Home > Past Releases and Reports > New "Privacy Coalition" Pledge Gets it Half-Right
For Immediate Release
February 12, 2001
Contact: Jim Harper
New "Privacy Coalition" Pledge Gets it Half-Right
Liberal Groups' Failure to Distinguish Between Government and
Private Sector Leaves Proposal Wanting
Washington, D.C. — A coalition of liberal advocacy groups gets privacy
half-right, says Web-based privacy thinktank Privacilla.org.
"This new 'Privacy Coalition' has not finished its intellectual spade-work,"
said Jim Harper, operator of Privacilla.org. "When they recognize the
difference between government and the private sector, they will begin to
advance the ball on privacy."
A collection of groups calling themselves the "Privacy Coalition" proposed
a "Privacy Pledge" today, calling on Members of Congress and state legislators
to support an intriguing, but ambiguous "privacy framework." The pledge calls
privacy a fundamental value and cites the Fourth Amendment to the Constitution.
"The Fourth Amendment makes privacy from government a fundamental right" said
Jim Harper, operator of Privacilla.org. "Privacy from government and privacy in
the private sector are very different things. Government is the
biggest threat to privacy. Congress and state legislators can do extraordinary
good by getting the government's privacy house in order."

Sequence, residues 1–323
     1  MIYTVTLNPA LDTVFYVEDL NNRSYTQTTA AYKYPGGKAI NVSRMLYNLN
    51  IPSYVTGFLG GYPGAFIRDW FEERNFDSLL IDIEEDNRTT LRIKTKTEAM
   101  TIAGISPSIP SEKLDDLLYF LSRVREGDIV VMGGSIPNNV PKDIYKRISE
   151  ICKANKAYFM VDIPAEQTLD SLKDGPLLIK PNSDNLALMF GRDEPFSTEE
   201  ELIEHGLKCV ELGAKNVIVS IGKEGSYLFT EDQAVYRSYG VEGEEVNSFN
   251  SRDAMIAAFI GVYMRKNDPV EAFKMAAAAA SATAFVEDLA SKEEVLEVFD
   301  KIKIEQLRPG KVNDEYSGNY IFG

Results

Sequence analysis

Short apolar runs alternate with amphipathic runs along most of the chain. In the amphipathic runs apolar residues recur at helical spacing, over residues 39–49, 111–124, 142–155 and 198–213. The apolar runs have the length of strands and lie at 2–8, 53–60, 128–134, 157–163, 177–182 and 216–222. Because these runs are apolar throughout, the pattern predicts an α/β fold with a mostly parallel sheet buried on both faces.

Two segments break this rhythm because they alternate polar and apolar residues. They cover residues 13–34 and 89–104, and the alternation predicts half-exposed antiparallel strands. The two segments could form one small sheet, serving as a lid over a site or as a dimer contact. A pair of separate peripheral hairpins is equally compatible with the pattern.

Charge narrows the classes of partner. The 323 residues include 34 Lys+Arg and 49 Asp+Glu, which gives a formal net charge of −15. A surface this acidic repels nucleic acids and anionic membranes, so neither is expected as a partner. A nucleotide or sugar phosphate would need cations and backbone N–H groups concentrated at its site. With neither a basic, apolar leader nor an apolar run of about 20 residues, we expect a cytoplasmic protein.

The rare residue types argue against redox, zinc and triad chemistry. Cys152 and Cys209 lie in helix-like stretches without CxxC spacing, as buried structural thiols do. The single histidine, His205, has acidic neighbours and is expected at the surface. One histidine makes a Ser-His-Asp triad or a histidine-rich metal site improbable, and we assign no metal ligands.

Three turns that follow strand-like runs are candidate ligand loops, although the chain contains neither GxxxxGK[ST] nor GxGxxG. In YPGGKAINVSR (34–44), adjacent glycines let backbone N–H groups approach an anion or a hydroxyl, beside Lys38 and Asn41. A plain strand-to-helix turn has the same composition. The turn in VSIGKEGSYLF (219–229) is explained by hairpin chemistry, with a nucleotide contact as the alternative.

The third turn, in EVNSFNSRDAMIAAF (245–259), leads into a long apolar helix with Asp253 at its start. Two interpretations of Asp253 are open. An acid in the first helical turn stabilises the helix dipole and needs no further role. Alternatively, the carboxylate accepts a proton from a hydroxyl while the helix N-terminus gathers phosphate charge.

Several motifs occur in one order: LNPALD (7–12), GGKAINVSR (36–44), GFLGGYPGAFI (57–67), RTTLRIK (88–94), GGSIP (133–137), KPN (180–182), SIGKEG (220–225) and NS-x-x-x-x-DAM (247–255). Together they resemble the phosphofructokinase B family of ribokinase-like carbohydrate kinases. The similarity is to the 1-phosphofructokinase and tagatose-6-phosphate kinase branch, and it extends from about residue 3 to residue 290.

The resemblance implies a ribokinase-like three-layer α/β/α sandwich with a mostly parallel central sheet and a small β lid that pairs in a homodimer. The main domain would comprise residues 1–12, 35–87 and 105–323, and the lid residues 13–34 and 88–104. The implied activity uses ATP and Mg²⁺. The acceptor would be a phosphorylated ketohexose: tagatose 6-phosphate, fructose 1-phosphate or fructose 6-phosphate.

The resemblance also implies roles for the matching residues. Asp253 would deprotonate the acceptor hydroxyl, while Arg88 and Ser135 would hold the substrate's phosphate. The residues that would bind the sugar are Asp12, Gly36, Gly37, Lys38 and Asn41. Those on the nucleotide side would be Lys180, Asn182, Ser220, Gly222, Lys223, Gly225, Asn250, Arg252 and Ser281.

The Privacilla.org Web site lists numerous threats to privacy from government
surveillance, government databases, and government regulations that prevent
citizens and consumers from maintaining their privacy.
"Some of the largest threats to privacy come from the tax system, many social
spending programs, and law enforcement," said Harper. "These costs to privacy
have not been well considered in the past."
The Privacy Coalition pledge fails to distinguish between government and the
private sector, however, appearing to invite Fourth Amendment-style limitations
on citizens and businesses. In the private sector, privacy is protected by
contract law, tort law, and educated consumerism.
"There is certainly plenty of rough-and-tumble in translating existing
privacy laws and practices to new technologies," said Harper, "but government
mandates on private-sector information practices would not improve things. They
would be especially ironic because governments themselves are the chief threat
Privacilla.org (http://www.privacilla.org) is a Web site that captures privacy
as a public policy issue from a free-market, pro-technology perspective. It has
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